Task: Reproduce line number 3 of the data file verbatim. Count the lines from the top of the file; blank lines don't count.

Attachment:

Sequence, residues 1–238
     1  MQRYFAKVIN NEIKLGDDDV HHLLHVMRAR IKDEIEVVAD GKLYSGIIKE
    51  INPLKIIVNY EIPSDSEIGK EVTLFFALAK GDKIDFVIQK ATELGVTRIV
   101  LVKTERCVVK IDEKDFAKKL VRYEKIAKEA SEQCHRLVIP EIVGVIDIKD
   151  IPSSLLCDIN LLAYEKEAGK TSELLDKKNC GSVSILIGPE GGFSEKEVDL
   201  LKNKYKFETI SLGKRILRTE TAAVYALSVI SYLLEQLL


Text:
    51  INPLKIIVNY EIPSDSEIGK EVTLFFALAK GDKIDFVIQK ATELGVTRIV